Thursday, 26 April 2012


Open wide, say ahhhh.” The doctor said. “Ahhhh”, I obediently replied, while she shone a torch into the back of my throat and poked about a bit. Blood pressure and cholesterol checked, both apparently normal. Next stop the dentist. Chair tilted back, the dentist peers into my mouth and continues to talk at me. Why do they do that? I resist the temptation to converse; I wouldn't want to unintentionally bite her. A fine story this would be for the tabloids. The headlines scream:
Dentist Bitten By Patient!
'A dentist lost a finger today after a patient bit back. In a savage attack, the patient chomped off the dentist's index finger. “She just went for me!”The dentist cried, “The nurse had to prise her off me.” The patient claims it was an accident and refuses to accept full responsibility. In a statement read out by her solicitor, the patient said, “She (the dentist) would persevere in making conversation. My jaw clamped around her hand in my attempts not to answer her. It had the desired effect of silencing her.” Unfortunately medics were unable to save the finger.'

I digress, but the above will come true if this examination's not over soon. “All done”, my dentist declares, “On your way out, don't forget to book an appointment with the hygienist.” I check my watch, I have a routine eye test at 1pm, but I'll skip to the point I'm making. Annual health checks put you on spot; you're observed under the critical gaze of a practitioner. Scrutiny is never comfortable, but then it's not meant to be. You may be told you're not brushing your teeth properly or be given advice on diet and smoking. You may take offence or resent this, but ultimately as individuals we all need to take responsibility. Professionals are not there to save us should we choose to ignore their counsel.

These personal MOTs reminded me of how in everyday life we all watch one another. Read each other's body language, examine an individual's appearance and analyse their mode of address. If, as individuals, we are held accountable, shouldn't this be extended to politics, oppressive regimes and, sport? Is it right for prestigious events to be staged if the public strongly protests? When is it right to defy, rather than pacify, scrutineers?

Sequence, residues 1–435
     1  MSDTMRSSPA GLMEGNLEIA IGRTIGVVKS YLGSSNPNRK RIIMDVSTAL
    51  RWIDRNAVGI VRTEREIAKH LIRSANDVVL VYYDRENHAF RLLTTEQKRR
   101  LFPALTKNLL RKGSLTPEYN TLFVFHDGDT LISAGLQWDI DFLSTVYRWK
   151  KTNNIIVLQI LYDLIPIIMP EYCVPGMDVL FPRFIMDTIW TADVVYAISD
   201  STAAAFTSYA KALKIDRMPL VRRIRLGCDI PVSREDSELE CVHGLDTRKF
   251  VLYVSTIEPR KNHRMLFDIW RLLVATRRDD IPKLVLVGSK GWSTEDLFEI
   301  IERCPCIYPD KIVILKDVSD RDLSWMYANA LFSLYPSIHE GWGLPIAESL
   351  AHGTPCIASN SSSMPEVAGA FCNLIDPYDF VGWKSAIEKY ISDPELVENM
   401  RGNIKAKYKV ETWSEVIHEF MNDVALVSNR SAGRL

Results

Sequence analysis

Thursday, 19 April 2012

One Brand, One Vision

Radio on, different pitches of voices boomed out their opinions and experiences. What were they talking about? A scandalous act, the government, or crime and punishment? The Big Six was a phrase frequently mentioned. I'd heard of the Supermarket Four, but who were these Six? Had I missed a new mega-mix? I listened intently to grasp this debate; it was a phone-in about energy: providers, fluctuating tariffs and how the energy used is calculated. I lost interest, but kept the voices on as I whizzed around tidying up, prepared lunch etc. The next caller passionately spoke and ignited a spark within me. Companies providing essential services charge over the odds. They declare themselves as competitive so as prices rise we shop around and switch. Would it be better if prices were fixed? Or if there was no competition, but one brand supplying everything?

I turned the radio off, I needed to think and jot down some notes. A thought entered my head reminding me of the We Will Rock You/Ben Elton plot. An empire controlled by Killer Queen, a one-brand machine. Choice stamped out, destroyed. We may laugh and joke, (we could never be programmed like this!), but aren't we beginning to live in a parallel universe? Without mentioning names, I can think of a British one-word brand currently building up its portfolio. Other organisations swallow up services or merge more discreetly. We think we have choice, but do we? How many of you know that a soft drinks company owns Innocent smoothies? Or a leading confectionery brand acquired organic Green & Black's? In Killer Queen's world there's blatant transparency; if we shared this vision would we be better off?

We're consistently told competition is healthy; it's good to have more than one choice. How would you feel if you found out this was an illusion? Would you feel tricked or cheated? Most products can be linked to a conglomerate; different brands or companies sheltering under one huge corporate umbrella. Their mission: to cover as much as the market as possible. Products and services must be bought, the consumer must be blinded. These multinationals and big chains provide the same overwhelming array of similar tins, packets and utilities. Given these facts, is the illusion of choice really necessary?

British consumers, fly the Union Jack, but demand greater transparency. If Freddie was here, I think he would say: “Gimme more vision!”

Thursday, 12 April 2012

O Ye, Of Little Faith